Danube Bridges: Budapest
Maria Antonia’s 2020 Photography Challenge includes a prompt to share a picture on the theme of bridge or tunnel. Bridges feature in the life and history of the Hungarian capital, Budapest. The city is in reality two cities Buda and Pest, which are linked by the bridges, the first being the Chain Bridge.
I asked my wife one evening, if she would like to go for waffles in the morning. She said that that would be nice, so bright and early I woke her so she could have her sweet treat. What she didn’t know was that I had come to the conclusion that the best place for waffles, must by definition be in Belgium. Our daughters secretly passed me her passport and we were off.
It didn’t take her long to figure out that this was no quick trip to the local pancake house. No, we headed south to Dover, and caught the ferry and made our way the Bruges.
We found a wonderful Flemish-gabled shop that served amazing waffles. Next we went for hot chocolate at the Old Chocolate House on Mariastraat. This was no mildly chocolate-flavoured milk product, but hot liquid artisan cocoa.
Bruge was our first foreign getaway.
WHAT PEGMAN SAW: Bruges, Belgium
My wife and I took a discount coach journey to Amsterdam at the same time as the London Olympics. We were going for a “quiet” getaway in an attempt to avoid the sporting hysteria that seemed to have gripped Britain at the time. The result was far from what we had envisioned. In fact, we never again took a coach trip.
A scheduled coach to Amsterdam
The price the lowest we could pay
Direct from London Victoria it went
In the late hours of the day
A youth group beside us also did board
On their agenda was not slumber
So rowdy was the adolescent horde
The decibels became to hard to number
The return leg – marked by long delay
For the youths did in Holland purchase
Various items – that UK laws – disobey
So we had to wait for customs to do the searches
Inspiration Call: Fun Write Friday’s: Write a poem based on a time you’ve traveled by bus – whether a school bus, around town, or a long distance trip to visit a certain destination.
It was late evening and the end of an idyllic day. The food at the resort was amazing, and the excursion to the sea caves had been made even more magical by the arrival of a pod of dolphins as the holiday makers lunched on the catamaran.
Later that evening the resort put on a cultural showcase. Dancers, musicians, and traditional storytellers enthralled the guests with their talents. Now with late evening drinks completed, and tomorrow being a “stay in” day at the resort, the tour group from Hamburg readied their tri-colour towels to mark their places for the morn.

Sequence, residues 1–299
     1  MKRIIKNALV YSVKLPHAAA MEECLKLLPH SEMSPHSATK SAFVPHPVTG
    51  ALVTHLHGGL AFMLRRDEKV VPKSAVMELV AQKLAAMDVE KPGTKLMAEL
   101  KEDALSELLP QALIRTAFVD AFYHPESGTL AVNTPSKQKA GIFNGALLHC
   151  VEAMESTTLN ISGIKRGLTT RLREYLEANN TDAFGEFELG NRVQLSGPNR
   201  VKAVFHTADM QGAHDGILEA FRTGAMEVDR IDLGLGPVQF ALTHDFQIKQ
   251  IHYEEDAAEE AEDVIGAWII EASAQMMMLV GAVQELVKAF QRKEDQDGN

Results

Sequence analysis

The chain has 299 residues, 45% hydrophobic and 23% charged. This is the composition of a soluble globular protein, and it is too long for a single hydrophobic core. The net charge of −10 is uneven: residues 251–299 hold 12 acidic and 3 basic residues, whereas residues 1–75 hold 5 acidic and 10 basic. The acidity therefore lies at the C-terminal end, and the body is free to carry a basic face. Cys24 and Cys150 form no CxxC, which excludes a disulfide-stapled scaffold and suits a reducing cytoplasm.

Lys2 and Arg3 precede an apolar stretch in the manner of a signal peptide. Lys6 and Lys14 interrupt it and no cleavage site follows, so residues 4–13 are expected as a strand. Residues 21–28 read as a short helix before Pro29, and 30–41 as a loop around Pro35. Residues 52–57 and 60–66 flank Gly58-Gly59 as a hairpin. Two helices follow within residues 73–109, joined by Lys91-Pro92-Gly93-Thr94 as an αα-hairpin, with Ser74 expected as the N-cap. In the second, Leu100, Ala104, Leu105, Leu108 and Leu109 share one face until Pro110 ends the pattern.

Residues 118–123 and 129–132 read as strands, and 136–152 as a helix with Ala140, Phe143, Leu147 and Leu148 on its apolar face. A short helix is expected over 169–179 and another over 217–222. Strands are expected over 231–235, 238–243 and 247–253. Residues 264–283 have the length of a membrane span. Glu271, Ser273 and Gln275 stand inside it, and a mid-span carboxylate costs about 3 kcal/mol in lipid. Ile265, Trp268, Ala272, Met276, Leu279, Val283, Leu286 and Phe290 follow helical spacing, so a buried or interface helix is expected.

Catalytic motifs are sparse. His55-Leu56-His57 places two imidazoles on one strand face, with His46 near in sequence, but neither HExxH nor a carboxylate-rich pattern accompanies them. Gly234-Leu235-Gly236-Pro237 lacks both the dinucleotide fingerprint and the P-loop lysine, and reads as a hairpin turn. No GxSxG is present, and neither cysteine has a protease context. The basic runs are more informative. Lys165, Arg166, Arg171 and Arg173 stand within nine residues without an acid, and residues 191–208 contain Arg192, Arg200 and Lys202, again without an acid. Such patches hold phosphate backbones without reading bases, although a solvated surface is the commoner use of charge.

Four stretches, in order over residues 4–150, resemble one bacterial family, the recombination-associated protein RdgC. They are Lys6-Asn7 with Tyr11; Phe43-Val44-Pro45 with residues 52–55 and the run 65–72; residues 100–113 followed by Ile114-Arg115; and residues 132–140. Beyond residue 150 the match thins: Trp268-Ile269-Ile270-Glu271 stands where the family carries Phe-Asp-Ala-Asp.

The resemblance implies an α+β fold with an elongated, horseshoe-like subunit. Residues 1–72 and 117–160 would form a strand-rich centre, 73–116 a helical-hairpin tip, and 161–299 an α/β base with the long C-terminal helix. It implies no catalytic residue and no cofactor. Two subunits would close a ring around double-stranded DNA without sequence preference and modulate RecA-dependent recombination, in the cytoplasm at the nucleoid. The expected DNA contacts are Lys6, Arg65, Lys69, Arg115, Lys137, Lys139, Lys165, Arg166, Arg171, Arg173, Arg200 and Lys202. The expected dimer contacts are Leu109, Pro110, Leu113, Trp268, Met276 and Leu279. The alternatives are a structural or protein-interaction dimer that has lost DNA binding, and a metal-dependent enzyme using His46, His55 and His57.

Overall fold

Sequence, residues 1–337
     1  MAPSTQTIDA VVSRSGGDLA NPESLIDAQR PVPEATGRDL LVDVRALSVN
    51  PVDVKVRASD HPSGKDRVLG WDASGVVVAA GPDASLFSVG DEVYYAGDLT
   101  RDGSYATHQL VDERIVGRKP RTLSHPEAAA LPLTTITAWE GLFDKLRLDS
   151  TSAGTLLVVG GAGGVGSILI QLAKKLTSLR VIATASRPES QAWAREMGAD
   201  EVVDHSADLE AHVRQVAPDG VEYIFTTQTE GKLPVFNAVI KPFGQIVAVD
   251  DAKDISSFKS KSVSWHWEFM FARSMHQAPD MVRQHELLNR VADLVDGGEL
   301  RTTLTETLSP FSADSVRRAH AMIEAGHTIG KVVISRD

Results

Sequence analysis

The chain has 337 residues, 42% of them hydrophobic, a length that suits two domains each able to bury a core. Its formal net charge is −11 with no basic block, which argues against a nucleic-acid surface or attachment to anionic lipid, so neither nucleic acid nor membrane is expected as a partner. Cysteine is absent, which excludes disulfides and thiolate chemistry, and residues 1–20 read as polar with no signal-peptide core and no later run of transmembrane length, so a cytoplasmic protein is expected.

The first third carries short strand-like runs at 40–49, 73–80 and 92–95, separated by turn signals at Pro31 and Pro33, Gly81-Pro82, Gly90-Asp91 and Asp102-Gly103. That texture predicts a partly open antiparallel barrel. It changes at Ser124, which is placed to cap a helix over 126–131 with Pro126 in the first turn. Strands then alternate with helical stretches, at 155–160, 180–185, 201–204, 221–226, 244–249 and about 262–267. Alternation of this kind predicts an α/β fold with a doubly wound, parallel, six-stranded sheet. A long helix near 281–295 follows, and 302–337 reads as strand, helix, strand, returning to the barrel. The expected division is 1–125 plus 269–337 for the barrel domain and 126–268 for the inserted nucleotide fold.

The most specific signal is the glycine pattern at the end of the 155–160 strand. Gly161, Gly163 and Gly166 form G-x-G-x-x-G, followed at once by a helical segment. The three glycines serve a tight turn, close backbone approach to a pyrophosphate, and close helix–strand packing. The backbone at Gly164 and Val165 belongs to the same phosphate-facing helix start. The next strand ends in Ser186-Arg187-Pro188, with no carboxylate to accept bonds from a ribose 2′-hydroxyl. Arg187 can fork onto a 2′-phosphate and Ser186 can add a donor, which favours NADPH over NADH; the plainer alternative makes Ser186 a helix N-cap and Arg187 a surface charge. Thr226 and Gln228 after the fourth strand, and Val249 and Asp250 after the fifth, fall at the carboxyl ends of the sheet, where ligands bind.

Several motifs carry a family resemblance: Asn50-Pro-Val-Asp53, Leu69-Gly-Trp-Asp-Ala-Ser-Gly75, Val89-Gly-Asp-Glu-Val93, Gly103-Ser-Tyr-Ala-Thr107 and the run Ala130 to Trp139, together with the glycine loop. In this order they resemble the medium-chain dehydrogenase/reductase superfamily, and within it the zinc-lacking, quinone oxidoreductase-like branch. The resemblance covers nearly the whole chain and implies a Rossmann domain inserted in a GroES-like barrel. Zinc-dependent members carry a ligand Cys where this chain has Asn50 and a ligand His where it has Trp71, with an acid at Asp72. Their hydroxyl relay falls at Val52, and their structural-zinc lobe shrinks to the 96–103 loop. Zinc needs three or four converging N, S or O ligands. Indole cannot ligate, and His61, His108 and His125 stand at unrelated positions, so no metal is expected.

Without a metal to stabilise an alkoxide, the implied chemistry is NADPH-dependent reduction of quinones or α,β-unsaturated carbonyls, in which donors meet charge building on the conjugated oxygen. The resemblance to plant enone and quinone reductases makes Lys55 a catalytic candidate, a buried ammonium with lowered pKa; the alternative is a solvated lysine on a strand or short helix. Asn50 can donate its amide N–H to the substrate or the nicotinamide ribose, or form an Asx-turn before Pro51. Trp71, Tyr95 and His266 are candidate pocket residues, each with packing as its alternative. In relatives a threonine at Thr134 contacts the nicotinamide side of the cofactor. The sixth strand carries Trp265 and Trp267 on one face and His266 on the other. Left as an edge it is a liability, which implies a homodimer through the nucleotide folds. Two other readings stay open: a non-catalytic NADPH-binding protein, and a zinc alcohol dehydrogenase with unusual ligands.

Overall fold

My apologies for stooping to a stereotype, but it seemed a fun take on the prompt – at least from a British perspective.
100 Word Wednesday: Week 140
Photo courtesy of P. Allman
Security was tight. The first bilateral meeting between the United Kingdom and the Kingdom of Fairie in nearly nine hundred years was about to take place on a remote island somewhere in the Northwest of England. It was going to be a diplomatic coup for Prime Minister Boris Johnson, and it would prove he could arrange trade deals in a post-Brexit world.
As the two boats were moored the shaggy haired blonde Johnson strode over to Queen Wilhelmina LVI and bowed before extending his hand for her to shake.
“Your Majesty, I am chuffed that you have agreed to this meeting,” The Prime Minister said a little too loudly.
“As am I, ” the regal Fairy responded. “We have much to discuss. Oh, by the way, I love your pink boat.”
Sunday Photo Fiction – Sep 29 2019
As Britain approaches uncertain constitutional challenges, and the elected Parliament faces being prorogued, it is time to reflect on how we got here and how we should react. In the 2016 referendum, British voters were asked whether we should leave the European Union. There was misinformation in the lead up to the vote, and the country spoke accordingly.